Medina said that as a Hispanic man in the community, he sometimes has to prove that he’s a good person.
“People sometimes don’t see us right, but all my friends, we try to work and help out. We’re not bad people as people see us. That’s what we try to show. We’re responsible, we’re helpful, we care for anybody,” Medina said.
When he gets off of work, Medina wears his dirty work clothes. He said he’s been treated differently in those instances.
“Let’s say you go to a bank or a store, people see you some kind of way. Once you make a big transaction, they wonder how you’re doing it, and they say we’re doing some kind of illegal work, when we’re actually working the right way. We work every day, Monday through Saturday, sometimes Sunday, all day long. It’s not a couple of hours, we work 12, 13 hour days,” he said. “What we’re doing, my group, we’re hard-working people, we actually enjoy what we’re doing. Since the beginning, we just like this kind of stuff. There’s days that it starts snowing, that’s what we like. This is what we do. We’ll go out in our vehicles, get muddy, get in the lakes, we have our hunting coats for the winter, our water boots, we have our hunting gear, face, mask gear, so it’s another fun day for us.”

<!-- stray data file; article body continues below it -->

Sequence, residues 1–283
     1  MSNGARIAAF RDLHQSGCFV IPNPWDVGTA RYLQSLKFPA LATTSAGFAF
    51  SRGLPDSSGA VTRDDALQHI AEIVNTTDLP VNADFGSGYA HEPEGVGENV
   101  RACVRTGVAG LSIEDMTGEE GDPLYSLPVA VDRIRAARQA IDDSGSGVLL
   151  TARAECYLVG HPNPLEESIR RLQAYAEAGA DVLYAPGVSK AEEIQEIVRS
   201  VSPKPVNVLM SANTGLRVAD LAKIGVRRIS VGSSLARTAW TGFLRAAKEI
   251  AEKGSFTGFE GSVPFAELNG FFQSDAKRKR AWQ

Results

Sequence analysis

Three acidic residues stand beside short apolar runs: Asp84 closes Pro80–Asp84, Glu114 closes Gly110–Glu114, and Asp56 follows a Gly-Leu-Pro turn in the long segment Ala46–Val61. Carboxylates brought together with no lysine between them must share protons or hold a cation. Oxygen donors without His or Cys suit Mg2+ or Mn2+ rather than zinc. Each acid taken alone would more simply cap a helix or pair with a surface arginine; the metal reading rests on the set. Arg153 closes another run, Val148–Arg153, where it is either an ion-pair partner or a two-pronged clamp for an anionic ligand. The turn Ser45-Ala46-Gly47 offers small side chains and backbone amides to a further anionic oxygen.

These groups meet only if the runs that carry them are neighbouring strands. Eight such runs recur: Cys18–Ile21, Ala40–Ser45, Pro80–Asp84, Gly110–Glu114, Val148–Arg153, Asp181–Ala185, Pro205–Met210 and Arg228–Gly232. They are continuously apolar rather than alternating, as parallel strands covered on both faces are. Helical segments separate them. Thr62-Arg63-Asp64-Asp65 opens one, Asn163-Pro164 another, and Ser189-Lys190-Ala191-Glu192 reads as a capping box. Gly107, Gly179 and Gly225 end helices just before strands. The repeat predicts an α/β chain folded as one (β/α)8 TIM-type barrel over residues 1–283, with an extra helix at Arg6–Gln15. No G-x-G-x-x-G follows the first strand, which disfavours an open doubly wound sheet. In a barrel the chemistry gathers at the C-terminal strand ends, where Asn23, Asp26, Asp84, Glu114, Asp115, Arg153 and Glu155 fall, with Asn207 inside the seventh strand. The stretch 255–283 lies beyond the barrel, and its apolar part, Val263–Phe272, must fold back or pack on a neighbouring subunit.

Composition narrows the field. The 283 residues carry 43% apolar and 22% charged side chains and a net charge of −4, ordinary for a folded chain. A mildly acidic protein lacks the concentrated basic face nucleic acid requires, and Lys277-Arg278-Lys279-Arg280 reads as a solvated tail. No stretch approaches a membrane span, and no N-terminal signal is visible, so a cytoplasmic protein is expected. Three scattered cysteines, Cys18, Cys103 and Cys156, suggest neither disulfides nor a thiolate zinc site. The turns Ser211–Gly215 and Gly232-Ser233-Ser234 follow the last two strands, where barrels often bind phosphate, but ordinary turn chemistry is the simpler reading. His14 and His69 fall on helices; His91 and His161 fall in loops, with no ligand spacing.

What Medina wished people knew about the Hispanic community, is not to judge a book by its cover.
“Always give everybody an opportunity. Don’t judge nobody because they might be somebody generous or might have a better heart than that other person, just don’t judge a Hispanic that’s walking in with a dirty pair of jeans, he’s probably fixing one of his 10 trucks that’s making the community some money,” he said.
Medina is appreciative of everyone posting messages of gratitude to his social media.